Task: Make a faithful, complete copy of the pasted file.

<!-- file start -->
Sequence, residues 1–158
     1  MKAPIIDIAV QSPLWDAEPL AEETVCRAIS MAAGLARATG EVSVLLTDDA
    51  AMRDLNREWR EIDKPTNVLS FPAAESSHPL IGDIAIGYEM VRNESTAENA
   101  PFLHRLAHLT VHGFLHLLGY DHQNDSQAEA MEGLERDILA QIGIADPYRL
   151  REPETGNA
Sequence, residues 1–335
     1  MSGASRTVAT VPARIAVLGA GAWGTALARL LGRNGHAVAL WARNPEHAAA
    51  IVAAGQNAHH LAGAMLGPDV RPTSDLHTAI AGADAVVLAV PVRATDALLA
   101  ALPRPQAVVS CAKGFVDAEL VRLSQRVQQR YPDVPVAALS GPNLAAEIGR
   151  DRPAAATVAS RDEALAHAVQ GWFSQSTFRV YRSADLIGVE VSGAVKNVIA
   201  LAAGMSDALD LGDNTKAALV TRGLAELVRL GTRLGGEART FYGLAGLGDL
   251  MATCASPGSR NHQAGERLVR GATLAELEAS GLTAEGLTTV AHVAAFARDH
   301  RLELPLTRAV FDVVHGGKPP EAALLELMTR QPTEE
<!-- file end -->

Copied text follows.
Sequence, residues 1–158
     1  MKAPIIDIAV QSPLWDAEPL AEETVCRAIS MAAGLARATG EVSVLLTDDA
    51  AMRDLNREWR EIDKPTNVLS FPAAESSHPL IGDIAIGYEM VRNESTAENA
   101  PFLHRLAHLT VHGFLHLLGY DHQNDSQAEA MEGLERDILA QIGIADPYRL
   151  REPETGNA
Sequence, residues 1–335
     1  MSGASRTVAT VPARIAVLGA GAWGTALARL LGRNGHAVAL WARNPEHAAA
    51  IVAAGQNAHH LAGAMLGPDV RPTSDLHTAI AGADAVVLAV PVRATDALLA
   101  ALPRPQAVVS CAKGFVDAEL VRLSQRVQQR YPDVPVAALS GPNLAAEIGR
   151  DRPAAATVAS RDEALAHAVQ GWFSQSTFRV YRSADLIGVE VSGAVKNVIA
   201  LAAGMSDALD LGDNTKAALV TRGLAELVRL GTRLGGEART FYGLAGLGDL
   251  MATCASPGSR NHQAGERLVR GATLAELEAS GLTAEGLTTV AHVAAFARDH
   301  RLELPLTRAV FDVVHGGKPP EAALLELMTR QPTEE